A proposed design for carabiners (tether hooks used in mountaineering, rock climbing, and rescue) is intended to make it possible to operate these devices even while wearing thick gloves. According to the proposal, the gate of a carabiner would be capable of swinging either toward or away from the hook body, relative to the closed position. The gate would be spring-biased to return to the closed position. An external locking collar would be pinned to an internal locking rod that would be spring-loaded to slide the collar longitudinally over the gate to lock the gate in the closed position. The gate would be unlocked by sliding the collar axially against the spring load. To reduce the probability of inadvertent unlocking, the rod-and-collar mechanism would include two locking buttons. Optionally, the rod-and-collar mechanism could be replaced with an external locking mechanism based on a longer collar.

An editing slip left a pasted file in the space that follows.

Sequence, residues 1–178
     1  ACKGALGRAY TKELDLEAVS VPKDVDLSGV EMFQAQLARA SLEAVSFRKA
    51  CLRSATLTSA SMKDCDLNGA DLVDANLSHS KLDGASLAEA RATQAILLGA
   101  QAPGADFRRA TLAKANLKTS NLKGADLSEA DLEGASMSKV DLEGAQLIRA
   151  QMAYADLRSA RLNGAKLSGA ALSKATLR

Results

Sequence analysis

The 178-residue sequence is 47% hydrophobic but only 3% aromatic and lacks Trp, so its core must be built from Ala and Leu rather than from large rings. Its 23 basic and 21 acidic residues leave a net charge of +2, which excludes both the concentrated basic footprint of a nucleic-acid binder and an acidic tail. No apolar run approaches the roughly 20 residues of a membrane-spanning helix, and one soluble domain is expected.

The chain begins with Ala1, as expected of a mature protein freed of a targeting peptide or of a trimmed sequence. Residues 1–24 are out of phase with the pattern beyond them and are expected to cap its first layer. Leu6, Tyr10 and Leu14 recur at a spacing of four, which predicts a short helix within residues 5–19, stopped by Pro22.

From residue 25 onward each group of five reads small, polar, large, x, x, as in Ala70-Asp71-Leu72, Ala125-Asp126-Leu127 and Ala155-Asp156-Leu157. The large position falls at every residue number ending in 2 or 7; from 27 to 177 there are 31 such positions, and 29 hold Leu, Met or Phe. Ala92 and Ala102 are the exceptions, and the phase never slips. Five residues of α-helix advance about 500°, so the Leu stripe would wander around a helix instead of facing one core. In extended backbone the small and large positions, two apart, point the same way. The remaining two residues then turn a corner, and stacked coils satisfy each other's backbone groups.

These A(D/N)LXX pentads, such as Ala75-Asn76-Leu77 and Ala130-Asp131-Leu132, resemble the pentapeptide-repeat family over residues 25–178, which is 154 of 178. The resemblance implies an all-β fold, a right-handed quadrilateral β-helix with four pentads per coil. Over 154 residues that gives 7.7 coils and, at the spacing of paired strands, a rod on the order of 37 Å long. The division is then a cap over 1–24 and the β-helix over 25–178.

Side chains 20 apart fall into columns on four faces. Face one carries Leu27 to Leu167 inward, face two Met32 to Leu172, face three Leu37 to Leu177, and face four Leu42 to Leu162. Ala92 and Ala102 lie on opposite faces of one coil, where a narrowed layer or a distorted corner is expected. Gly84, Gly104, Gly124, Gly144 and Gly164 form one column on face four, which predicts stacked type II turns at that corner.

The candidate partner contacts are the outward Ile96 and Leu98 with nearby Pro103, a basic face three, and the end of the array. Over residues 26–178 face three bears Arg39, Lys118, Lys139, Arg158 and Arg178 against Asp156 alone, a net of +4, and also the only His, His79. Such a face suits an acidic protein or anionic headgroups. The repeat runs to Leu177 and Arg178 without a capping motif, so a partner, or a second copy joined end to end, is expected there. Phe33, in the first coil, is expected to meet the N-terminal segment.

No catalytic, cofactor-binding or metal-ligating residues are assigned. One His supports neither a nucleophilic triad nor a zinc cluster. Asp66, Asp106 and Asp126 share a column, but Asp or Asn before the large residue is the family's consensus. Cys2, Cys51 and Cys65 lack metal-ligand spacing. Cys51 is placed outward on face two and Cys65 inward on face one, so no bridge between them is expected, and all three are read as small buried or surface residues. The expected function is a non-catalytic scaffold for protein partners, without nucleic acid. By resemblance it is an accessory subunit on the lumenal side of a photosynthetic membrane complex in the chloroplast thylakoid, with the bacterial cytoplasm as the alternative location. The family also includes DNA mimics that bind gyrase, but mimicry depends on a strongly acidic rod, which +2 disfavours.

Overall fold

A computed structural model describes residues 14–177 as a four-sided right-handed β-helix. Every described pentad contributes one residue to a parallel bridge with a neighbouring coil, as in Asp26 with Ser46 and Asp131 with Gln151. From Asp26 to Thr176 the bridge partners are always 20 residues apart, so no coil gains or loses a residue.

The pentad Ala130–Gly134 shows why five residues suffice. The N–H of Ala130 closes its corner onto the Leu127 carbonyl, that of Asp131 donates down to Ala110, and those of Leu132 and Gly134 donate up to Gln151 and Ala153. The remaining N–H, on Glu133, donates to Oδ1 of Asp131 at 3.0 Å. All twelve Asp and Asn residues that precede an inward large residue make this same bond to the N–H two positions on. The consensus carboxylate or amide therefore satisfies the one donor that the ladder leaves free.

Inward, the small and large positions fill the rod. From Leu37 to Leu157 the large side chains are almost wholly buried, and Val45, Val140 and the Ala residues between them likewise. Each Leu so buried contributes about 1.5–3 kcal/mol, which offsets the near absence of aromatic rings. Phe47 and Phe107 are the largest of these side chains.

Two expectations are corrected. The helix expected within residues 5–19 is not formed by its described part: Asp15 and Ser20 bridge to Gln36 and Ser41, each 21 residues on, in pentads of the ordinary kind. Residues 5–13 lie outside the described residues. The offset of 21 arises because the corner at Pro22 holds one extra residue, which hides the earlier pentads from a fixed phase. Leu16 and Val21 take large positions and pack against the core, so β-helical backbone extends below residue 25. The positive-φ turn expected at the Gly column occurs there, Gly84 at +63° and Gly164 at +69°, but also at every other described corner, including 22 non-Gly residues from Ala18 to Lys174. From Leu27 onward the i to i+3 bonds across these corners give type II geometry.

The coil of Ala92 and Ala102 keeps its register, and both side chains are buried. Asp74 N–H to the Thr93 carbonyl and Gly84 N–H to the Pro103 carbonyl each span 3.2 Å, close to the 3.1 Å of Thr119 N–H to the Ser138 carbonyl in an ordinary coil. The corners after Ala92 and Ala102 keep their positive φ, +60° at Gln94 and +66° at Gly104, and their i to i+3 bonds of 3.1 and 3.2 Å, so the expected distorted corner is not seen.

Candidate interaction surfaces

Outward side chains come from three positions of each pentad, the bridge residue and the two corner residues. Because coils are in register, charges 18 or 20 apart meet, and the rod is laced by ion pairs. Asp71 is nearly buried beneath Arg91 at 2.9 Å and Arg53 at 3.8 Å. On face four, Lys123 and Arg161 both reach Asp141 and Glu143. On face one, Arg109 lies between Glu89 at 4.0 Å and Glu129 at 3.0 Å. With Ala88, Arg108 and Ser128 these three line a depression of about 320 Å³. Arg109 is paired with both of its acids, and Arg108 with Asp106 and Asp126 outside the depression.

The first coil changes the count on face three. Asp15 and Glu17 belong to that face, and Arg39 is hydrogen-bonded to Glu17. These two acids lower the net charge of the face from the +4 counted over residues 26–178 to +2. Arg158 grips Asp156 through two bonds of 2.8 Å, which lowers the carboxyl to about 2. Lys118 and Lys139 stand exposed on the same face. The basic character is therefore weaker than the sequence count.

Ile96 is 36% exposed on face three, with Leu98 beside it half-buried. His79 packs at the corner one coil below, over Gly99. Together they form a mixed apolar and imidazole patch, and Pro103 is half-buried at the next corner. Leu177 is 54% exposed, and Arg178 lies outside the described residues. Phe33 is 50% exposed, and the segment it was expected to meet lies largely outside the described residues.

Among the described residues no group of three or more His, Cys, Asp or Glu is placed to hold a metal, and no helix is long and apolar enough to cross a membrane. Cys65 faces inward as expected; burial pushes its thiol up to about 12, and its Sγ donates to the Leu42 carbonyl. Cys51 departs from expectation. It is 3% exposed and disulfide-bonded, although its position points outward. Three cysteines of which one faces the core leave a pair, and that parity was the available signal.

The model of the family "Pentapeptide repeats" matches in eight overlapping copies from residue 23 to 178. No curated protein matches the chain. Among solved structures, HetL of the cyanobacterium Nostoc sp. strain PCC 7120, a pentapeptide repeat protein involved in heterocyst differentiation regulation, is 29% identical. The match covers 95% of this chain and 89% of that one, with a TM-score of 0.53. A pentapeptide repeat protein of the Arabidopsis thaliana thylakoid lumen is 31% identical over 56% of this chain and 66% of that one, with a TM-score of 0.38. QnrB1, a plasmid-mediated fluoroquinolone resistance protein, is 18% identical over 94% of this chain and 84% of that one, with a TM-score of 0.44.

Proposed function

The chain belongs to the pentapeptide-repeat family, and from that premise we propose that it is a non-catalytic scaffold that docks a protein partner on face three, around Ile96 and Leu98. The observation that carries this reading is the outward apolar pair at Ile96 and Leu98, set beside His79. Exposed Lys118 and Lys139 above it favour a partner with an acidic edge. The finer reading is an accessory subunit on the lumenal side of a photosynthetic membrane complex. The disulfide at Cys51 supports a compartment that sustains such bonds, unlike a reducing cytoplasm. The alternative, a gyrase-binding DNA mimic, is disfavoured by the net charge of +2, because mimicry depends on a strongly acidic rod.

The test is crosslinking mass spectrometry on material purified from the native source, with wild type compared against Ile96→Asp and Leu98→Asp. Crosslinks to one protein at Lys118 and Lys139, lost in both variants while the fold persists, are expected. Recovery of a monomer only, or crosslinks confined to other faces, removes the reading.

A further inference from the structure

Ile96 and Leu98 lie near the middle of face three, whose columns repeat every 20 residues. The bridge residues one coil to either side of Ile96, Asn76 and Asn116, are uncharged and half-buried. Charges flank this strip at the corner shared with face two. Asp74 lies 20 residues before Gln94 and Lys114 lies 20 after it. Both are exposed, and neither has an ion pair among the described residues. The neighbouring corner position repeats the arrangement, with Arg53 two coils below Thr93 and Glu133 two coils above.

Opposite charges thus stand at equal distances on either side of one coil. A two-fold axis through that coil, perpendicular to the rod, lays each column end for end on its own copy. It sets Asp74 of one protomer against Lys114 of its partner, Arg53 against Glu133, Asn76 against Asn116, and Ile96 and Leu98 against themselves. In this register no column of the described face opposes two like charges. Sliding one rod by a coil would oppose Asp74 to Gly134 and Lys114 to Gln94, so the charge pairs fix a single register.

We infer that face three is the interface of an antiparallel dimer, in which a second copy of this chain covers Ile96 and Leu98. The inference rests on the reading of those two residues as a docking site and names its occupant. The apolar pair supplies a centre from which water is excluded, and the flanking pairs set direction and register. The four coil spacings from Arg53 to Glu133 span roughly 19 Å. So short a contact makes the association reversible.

This work was done by Chi Min Chang and Dominic Li Del Rosso of Johnson Space Center and Gary D. Krch of ILC Dover. For further information, contact the Johnson Commercial Technology Office at (281) 483-3809. MSC-23163

NASA Tech Briefs Magazine

This article first appeared in the April, 2004 issue of NASA Tech Briefs Magazine.

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